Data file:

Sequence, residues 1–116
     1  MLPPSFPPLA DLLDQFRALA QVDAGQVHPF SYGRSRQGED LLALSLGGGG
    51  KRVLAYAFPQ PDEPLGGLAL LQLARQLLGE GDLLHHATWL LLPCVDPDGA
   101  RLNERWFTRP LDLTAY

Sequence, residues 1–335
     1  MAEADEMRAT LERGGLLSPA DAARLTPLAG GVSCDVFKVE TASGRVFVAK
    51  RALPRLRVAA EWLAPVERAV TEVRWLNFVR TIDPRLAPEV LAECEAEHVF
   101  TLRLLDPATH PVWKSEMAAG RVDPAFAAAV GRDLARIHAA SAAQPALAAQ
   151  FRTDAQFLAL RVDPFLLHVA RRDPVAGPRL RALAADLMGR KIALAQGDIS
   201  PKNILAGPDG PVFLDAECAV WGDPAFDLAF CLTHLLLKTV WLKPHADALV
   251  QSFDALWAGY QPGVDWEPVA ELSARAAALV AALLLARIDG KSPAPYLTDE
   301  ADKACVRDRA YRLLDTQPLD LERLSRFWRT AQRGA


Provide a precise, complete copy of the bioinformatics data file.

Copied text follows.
Sequence, residues 1–116
     1  MLPPSFPPLA DLLDQFRALA QVDAGQVHPF SYGRSRQGED LLALSLGGGG
    51  KRVLAYAFPQ PDEPLGGLAL LQLARQLLGE GDLLHHATWL LLPCVDPDGA
   101  RLNERWFTRP LDLTAY

Sequence, residues 1–335
     1  MAEADEMRAT LERGGLLSPA DAARLTPLAG GVSCDVFKVE TASGRVFVAK
    51  RALPRLRVAA EWLAPVERAV TEVRWLNFVR TIDPRLAPEV LAECEAEHVF
   101  TLRLLDPATH PVWKSEMAAG RVDPAFAAAV GRDLARIHAA SAAQPALAAQ
   151  FRTDAQFLAL RVDPFLLHVA RRDPVAGPRL RALAADLMGR KIALAQGDIS
   201  PKNILAGPDG PVFLDAECAV WGDPAFDLAF CLTHLLLKTV WLKPHADALV
   251  QSFDALWAGY QPGVDWEPVA ELSARAAALV AALLLARIDG KSPAPYLTDE
   301  ADKACVRDRA YRLLDTQPLD LERLSRFWRT AQRGA